Kossuth County Advance from Algona, Iowa on December 1, 1932 · Page 8
Get access to this page with a Free Trial

Kossuth County Advance from Algona, Iowa · Page 8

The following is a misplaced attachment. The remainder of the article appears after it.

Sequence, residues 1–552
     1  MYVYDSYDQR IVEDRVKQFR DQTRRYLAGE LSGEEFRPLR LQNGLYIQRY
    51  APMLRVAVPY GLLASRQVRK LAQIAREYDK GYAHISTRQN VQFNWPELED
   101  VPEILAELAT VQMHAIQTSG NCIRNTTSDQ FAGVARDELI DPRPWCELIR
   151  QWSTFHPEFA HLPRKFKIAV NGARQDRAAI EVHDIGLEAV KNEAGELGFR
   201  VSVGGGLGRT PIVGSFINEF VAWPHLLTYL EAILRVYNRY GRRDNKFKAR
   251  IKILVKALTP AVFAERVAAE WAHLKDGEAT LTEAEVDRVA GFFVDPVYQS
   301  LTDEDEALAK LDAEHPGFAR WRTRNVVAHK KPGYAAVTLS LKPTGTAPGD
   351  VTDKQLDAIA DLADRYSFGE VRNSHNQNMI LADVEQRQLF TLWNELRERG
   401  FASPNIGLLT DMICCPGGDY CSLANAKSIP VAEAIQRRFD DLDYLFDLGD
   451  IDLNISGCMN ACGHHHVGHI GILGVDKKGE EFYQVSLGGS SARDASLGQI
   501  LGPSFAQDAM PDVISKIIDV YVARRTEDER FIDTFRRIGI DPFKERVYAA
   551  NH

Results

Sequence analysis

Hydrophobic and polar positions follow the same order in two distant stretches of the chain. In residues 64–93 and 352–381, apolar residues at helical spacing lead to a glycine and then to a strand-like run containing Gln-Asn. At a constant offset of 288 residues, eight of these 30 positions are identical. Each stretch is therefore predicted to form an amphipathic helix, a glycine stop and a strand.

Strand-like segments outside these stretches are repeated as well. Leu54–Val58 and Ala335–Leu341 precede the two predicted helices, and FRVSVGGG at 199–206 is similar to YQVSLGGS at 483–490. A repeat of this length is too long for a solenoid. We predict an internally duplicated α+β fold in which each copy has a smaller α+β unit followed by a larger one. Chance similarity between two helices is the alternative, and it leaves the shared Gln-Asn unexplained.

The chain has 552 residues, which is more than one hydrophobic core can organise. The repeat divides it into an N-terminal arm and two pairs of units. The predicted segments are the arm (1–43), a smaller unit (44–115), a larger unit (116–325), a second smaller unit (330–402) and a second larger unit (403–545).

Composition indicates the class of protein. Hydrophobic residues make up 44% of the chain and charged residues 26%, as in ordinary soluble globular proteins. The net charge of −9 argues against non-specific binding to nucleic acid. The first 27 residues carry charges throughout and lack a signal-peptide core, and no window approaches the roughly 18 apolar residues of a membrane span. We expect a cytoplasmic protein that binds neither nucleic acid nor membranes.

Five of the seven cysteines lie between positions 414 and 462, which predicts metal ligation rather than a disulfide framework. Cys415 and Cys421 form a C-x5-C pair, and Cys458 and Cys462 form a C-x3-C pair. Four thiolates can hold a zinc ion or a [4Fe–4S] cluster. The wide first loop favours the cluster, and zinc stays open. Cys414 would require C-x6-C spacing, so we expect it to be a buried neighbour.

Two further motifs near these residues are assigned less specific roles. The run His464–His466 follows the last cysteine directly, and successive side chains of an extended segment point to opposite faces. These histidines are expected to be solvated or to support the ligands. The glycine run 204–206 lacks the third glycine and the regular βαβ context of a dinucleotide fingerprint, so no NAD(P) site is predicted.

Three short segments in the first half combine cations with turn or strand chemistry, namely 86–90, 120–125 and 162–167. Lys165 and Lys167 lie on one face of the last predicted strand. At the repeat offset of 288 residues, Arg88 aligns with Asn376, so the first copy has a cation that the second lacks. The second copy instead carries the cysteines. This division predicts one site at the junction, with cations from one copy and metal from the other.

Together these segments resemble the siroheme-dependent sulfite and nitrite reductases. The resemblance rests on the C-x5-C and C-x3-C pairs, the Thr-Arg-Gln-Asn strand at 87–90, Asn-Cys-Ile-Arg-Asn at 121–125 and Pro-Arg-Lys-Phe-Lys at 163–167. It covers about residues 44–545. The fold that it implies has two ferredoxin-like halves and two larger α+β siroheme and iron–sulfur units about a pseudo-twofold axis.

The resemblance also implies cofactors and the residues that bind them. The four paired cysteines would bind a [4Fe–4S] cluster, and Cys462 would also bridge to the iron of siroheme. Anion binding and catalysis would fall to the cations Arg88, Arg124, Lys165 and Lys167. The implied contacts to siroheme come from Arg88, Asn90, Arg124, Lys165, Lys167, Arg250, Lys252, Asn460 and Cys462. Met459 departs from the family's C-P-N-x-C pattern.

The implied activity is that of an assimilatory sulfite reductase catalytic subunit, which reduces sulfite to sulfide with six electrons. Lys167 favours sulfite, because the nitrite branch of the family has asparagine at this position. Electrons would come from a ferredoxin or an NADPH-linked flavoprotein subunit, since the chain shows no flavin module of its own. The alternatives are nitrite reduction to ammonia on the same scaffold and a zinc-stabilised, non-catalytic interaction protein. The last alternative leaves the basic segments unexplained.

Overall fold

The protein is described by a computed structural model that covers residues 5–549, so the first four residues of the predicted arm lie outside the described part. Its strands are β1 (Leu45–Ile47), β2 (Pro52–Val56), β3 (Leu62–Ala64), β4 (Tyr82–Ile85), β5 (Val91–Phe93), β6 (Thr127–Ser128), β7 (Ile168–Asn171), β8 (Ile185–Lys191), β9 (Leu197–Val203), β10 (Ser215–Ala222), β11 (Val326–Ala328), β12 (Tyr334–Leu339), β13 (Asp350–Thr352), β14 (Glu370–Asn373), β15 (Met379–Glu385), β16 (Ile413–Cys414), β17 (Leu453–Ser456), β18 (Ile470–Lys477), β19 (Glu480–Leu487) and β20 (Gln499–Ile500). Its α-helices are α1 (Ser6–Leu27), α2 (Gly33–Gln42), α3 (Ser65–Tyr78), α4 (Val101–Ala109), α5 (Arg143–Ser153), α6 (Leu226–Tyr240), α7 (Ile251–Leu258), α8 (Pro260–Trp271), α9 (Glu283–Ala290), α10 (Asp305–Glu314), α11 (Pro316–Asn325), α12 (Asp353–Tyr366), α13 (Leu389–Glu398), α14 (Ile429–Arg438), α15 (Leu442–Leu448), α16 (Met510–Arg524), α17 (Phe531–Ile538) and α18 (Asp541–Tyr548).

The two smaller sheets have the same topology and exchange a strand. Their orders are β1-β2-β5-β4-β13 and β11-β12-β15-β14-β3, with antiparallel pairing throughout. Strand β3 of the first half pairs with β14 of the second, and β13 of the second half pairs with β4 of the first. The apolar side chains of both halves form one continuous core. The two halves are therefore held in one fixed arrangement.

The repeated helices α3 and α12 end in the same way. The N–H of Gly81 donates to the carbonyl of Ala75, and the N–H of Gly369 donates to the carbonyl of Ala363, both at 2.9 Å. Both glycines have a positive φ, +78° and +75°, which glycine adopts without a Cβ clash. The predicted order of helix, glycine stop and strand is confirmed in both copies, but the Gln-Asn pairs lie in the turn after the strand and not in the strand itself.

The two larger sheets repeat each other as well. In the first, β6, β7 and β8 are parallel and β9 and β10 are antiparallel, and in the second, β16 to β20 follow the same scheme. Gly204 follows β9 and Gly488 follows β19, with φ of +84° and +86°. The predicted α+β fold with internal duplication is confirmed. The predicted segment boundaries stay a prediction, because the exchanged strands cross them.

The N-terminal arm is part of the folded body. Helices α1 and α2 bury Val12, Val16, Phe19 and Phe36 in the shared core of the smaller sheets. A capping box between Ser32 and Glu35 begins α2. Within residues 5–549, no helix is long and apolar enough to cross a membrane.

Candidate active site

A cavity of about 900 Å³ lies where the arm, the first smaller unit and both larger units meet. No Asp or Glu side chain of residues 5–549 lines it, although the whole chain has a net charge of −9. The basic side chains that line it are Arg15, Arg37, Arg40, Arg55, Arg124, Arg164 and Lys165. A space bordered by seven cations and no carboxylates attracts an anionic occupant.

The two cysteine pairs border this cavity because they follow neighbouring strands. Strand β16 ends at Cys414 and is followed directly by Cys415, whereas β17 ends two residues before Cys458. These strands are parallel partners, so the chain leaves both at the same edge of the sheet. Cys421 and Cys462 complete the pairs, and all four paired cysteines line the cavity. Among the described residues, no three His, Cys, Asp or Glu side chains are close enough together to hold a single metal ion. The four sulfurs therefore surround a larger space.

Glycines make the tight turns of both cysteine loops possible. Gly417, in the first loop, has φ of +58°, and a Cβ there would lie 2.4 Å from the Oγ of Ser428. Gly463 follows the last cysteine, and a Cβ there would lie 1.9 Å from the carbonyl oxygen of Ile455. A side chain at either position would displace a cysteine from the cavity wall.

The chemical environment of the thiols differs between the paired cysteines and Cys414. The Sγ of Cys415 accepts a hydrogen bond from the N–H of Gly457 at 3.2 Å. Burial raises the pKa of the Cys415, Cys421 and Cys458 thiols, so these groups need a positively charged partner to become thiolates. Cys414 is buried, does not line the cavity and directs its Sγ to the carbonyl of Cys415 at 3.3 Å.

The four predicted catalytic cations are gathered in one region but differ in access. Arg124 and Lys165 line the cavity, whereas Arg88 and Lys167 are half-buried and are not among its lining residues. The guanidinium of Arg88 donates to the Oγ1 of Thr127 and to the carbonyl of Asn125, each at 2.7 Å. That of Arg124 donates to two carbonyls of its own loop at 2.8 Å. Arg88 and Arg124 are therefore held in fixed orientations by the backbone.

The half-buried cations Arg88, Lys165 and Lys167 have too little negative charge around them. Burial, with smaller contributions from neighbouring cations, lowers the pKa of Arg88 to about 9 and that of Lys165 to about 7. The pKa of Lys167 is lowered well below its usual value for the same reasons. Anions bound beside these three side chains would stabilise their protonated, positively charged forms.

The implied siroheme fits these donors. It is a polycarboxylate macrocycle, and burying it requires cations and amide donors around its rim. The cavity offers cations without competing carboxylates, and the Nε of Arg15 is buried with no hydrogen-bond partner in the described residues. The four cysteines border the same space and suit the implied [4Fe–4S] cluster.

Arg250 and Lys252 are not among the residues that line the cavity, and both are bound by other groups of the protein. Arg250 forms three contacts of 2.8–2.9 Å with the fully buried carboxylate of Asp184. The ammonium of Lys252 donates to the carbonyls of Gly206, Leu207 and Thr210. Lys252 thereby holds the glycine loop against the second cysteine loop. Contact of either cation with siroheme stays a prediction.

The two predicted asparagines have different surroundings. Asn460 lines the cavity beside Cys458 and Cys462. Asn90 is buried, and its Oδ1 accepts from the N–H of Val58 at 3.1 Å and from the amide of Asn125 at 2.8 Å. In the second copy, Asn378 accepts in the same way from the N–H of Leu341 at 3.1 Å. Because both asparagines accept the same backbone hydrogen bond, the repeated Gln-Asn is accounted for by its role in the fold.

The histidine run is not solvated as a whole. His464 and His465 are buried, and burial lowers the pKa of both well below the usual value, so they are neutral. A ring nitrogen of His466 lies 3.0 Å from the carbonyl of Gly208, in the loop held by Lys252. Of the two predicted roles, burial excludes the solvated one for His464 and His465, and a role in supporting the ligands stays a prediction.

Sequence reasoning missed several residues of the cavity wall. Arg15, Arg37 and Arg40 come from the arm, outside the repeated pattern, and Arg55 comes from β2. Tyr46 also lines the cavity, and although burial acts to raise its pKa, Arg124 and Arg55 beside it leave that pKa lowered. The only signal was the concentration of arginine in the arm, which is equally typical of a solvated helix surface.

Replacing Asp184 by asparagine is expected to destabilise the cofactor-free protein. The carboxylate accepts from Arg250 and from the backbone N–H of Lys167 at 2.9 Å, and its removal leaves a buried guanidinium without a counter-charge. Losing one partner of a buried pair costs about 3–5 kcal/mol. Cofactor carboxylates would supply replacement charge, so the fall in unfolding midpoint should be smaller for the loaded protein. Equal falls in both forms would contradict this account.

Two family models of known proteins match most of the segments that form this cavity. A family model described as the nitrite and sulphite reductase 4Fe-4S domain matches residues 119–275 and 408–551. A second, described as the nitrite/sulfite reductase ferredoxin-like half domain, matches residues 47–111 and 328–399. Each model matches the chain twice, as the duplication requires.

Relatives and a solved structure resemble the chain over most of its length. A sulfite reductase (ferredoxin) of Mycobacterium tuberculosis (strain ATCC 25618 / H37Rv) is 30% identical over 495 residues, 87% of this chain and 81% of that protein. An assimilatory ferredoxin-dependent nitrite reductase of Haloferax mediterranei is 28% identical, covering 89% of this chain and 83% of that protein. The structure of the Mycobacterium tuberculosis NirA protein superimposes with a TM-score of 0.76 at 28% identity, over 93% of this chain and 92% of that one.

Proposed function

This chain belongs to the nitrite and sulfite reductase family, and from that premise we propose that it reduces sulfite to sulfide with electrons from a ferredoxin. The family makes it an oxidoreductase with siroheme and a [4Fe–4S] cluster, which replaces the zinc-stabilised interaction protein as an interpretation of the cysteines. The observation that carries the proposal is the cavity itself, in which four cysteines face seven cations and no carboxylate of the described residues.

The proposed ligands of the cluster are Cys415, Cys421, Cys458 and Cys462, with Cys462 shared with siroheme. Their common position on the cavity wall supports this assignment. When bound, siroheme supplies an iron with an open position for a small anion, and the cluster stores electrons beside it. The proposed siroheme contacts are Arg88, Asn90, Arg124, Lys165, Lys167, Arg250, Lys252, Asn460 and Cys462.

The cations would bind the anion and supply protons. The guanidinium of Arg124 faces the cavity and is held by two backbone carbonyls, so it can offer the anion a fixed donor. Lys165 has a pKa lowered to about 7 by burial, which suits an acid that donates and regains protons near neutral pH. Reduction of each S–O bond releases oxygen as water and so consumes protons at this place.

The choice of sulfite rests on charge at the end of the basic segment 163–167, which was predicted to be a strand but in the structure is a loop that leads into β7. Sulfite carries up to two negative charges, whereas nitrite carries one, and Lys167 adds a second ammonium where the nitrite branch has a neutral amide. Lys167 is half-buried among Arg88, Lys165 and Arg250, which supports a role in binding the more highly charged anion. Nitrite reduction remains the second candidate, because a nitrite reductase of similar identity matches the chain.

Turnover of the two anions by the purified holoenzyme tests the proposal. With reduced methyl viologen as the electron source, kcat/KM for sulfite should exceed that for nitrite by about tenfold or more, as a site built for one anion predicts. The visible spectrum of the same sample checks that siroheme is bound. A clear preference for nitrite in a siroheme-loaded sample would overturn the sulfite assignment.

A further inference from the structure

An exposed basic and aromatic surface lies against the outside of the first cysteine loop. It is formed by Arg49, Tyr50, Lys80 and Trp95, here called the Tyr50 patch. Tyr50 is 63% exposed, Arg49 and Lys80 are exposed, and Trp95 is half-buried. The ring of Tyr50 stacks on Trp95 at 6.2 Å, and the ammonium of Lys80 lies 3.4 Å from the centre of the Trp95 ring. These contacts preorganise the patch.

Publication:
Location:
Algona, Iowa
Issue Date:
Thursday, December 1, 1932
Page:
Page 8
Start Free Trial
Cancel